For good reason, cloud proponents are pitching a move to the cloud as a good way to save money and enhance the flexibility of IT programs. But those benefits don’t necessarily apply to all workloads.
In fact, Kathleen Casey wrote recently at TechTarget, “some applications could perform poorly or cost more in the cloud.
That means, she argues, that organizations need to ask themselves a few questions before undertaking a cloud migration. First, and perhaps most logically, it helps if organizations have a clear understanding of what they expect to get out of the cloud. Is it lower costs? Greater flexibility? A bit, or a lot, of both?
Beyond that, there are the more practical questions of determining which programs and apps should end up in the cloud.
“Assess your application,” Casey says, “and review its requirements -- for both performance and compliance -- to determine if it is a good candidate for the public cloud. Check if the application has any specific network needs or dependencies. Unless you also migrate the systems on which your app depends, including databases, latency could be an issue. Also, review an application's design before you migrate it to the cloud; those apps that frequently read and write to storage systems, for example, could end up costing you more off premises.”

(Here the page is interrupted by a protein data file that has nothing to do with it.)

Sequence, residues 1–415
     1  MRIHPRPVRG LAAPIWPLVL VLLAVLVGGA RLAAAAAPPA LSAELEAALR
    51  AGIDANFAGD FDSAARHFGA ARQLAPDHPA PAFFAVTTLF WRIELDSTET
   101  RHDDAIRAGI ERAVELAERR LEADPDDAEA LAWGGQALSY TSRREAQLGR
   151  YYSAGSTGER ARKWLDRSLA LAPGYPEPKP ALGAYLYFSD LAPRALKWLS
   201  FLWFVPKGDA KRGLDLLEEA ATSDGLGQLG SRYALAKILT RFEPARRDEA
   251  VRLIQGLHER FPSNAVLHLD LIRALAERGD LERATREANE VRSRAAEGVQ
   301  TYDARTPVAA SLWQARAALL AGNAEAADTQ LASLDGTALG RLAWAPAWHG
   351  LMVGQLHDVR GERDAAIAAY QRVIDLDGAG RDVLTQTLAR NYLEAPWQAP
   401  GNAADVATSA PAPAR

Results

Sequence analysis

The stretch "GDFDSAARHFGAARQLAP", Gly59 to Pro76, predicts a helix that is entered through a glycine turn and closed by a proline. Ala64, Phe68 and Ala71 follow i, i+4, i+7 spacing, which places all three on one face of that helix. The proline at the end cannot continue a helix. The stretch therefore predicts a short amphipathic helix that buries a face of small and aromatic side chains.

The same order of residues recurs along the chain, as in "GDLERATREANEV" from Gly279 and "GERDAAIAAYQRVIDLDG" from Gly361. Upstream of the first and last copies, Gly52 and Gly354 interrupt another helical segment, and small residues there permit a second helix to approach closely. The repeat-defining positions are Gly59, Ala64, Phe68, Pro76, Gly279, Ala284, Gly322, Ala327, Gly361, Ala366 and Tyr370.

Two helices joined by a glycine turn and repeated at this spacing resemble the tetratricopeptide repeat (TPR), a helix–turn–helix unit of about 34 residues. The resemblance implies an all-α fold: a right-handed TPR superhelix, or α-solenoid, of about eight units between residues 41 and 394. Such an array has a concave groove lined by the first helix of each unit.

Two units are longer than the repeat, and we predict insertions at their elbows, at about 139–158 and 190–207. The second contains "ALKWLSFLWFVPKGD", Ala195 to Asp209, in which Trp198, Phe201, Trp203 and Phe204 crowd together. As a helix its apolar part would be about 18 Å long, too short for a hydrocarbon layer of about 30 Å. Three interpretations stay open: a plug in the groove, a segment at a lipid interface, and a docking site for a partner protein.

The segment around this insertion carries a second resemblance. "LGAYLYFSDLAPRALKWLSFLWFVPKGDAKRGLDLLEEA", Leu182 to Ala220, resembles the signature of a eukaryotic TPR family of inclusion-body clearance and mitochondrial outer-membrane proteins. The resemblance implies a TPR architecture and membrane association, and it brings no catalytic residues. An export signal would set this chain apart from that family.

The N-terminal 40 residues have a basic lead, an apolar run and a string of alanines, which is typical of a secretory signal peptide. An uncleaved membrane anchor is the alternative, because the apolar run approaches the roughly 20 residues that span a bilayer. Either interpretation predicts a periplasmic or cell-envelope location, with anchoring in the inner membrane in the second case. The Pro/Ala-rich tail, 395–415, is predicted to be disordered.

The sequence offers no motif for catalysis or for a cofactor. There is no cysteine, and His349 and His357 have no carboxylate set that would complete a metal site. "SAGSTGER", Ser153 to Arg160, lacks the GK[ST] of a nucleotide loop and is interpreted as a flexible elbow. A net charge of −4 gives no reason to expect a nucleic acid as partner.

Finally, Casey points to the importance of cloud migration tools. “Migration is a complex process that comes with risk and the potential for high costs,” she notes. “There are both cloud provider-native and third-party tools that can aid organizations through the process. . . . If an enterprise needs to move large amounts of data to the cloud, it can also perform an offline data migration. This requires an organization to store its data on physical disks and then ship the disks to its cloud provider. While this method might seem old-school, it can be more cost-effective than a migration via a network if you have terabytes of data.”